Walt Disney Expects 'Cars 2' Merchandise to Eclipse 'Toy Story 3'
NEW YORK - Merchandise for the Cars franchise has generated total global retail sales of more than $10 billion since its launch, making it one of Walt Disney's top franchises, the company said Thursday.
Earlier in the year, the company had mentioned that it had sold more than $8 billion in product at retail.
The rollout of retail merchandise for summer theatrical release Cars 2 began in mid-May, and retail projections show that it will exceed the performance of Toy Story 3 last year to become the largest merchandise program in licensing industry history, according to Disney. Toy Story 3 contributing around $2.4 billion in merchandise sales last year, according to License! Global magazine.
In an online presentation Thursday ahead of the annual Licensing International Expo 2011 next week, Andy Mooney, chairman of Disney Consumer Products, said sales of Disney-branded merchandise have risen at a compound annual rate of 12 percent over the past decade. DCP retail sales for fiscal year 2010 hit $28.6 billion, keeping Disney at the top of a list of top licensors, according to License! Global's annual ranking.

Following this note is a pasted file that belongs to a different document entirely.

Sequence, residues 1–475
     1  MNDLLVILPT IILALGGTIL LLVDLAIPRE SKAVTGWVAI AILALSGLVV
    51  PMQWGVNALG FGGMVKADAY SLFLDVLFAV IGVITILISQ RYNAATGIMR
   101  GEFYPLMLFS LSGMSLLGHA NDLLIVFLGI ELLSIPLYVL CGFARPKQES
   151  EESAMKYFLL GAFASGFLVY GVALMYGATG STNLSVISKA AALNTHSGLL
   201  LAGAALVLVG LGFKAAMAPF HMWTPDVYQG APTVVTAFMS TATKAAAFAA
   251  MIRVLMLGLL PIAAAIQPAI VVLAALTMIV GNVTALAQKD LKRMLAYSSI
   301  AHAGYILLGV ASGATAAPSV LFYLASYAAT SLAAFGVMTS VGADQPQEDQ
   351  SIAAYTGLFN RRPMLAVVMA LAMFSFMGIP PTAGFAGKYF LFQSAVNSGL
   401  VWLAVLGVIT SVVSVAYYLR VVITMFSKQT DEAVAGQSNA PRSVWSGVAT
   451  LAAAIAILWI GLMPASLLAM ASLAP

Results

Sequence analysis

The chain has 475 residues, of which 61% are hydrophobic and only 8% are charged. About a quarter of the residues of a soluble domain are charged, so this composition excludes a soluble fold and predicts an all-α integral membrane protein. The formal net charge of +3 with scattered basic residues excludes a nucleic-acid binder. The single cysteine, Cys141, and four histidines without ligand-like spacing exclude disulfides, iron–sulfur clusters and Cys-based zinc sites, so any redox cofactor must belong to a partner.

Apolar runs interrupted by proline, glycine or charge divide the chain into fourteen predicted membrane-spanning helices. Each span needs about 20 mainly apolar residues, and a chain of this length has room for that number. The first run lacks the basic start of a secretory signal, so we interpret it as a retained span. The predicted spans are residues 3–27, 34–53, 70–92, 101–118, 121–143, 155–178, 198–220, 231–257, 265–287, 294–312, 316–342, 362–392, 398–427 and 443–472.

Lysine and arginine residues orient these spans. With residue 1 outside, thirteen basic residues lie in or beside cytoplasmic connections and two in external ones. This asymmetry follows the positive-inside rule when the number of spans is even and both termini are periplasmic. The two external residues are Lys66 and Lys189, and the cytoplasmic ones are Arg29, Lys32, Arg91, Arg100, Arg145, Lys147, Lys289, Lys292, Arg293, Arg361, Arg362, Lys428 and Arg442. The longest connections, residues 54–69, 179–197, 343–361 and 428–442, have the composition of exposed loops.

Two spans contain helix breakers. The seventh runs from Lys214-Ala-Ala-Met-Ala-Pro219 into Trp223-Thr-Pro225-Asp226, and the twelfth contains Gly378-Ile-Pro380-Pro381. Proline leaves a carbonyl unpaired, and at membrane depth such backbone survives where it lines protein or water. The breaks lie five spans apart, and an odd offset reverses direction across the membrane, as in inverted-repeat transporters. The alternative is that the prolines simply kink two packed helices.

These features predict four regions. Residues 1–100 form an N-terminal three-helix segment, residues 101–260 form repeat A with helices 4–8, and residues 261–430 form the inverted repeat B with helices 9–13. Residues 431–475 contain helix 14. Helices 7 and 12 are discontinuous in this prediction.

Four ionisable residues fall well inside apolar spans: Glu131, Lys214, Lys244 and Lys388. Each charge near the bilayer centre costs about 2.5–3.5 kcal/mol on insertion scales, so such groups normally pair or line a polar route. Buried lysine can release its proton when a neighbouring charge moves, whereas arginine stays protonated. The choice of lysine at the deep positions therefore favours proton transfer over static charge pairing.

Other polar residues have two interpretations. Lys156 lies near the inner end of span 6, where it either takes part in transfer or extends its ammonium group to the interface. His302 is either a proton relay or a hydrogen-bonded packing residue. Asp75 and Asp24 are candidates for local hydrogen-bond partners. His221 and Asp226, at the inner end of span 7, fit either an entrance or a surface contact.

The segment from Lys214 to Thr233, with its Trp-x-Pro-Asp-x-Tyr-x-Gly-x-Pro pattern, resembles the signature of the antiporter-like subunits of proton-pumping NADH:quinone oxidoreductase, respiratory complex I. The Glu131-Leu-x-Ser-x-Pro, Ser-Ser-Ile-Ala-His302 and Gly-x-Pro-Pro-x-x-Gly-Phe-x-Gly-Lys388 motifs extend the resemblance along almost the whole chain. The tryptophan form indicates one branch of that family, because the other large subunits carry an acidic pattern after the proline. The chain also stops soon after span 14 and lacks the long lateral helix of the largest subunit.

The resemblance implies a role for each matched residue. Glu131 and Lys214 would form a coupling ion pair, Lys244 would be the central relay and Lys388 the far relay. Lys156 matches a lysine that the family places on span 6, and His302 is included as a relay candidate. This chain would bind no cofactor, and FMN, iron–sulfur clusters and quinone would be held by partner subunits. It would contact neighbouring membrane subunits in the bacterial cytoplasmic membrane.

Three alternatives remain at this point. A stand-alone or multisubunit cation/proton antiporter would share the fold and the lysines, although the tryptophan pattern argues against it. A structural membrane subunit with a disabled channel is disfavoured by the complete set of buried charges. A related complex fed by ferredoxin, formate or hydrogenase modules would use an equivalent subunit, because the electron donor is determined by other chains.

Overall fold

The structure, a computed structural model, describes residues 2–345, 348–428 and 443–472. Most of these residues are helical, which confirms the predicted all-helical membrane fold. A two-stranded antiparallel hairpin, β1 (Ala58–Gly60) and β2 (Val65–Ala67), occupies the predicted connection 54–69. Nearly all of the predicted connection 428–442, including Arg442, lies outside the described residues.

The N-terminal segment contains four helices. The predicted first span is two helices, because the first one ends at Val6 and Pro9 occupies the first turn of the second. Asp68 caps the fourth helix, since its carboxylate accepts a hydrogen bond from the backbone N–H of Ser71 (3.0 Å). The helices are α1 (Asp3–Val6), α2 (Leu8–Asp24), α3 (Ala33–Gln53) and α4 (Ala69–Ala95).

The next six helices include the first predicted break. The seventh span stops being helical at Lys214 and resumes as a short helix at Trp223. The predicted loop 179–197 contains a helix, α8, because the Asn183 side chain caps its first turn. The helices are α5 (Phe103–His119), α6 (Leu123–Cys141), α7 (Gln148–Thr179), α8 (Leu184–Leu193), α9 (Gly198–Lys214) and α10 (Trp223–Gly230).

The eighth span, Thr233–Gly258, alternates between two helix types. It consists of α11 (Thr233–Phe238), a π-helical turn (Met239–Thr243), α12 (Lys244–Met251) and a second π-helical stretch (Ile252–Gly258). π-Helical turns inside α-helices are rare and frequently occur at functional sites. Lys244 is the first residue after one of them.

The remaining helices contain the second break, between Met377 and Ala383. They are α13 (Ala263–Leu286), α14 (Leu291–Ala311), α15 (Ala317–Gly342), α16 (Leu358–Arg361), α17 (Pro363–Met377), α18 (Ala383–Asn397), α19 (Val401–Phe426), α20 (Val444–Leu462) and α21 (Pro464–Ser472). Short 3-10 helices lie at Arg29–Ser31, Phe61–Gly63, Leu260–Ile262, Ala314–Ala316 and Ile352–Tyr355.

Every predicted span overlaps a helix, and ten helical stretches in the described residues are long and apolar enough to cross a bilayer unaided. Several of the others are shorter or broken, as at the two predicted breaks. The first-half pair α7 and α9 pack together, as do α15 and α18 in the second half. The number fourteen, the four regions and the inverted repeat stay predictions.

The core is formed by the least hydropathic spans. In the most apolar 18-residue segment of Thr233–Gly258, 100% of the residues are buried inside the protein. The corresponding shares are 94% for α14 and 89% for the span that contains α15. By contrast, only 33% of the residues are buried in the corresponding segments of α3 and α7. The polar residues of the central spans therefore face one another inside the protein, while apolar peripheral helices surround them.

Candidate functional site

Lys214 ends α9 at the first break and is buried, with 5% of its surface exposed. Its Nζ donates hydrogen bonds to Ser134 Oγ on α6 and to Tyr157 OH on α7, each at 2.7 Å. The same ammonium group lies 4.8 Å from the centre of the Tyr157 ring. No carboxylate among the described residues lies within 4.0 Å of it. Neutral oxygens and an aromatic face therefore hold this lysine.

To continue its growth momentum, the entertainment giant is focusing on building Disney Baby as a brand and launch a related retail presence, among other things. The first concept store is set to open in Glendale, Calif. in the fall of 2012. The goal is to participate more aggressively in the newborn and infant segment as "connecting with new families is probably more valuable to Disney than to any other brand," the company said.
Mooney also mentioned new content and merchandising programs for classics, including Disney Princess and Winnie the Pooh, as well as original programming from Disney Channel and the Disney Junior and a continuing push of Disney Fairies, Toy Story and Cars.
Mooney also highlighted the lasting appeal of Mickey Mouse, the world's largest licensed character, and friends, saying the evergreen is on track to generate $9 billion in global retail sales for Disney's fiscal year 2011.
“Our primary objective in franchise development has been to diversify our portfolio to connect with a broader range of consumers," said Mooney. "We’ve not only grown the number of Disney franchises from only two in the year 2000 to 13 in 2011, but classic franchises have not suffered because of it."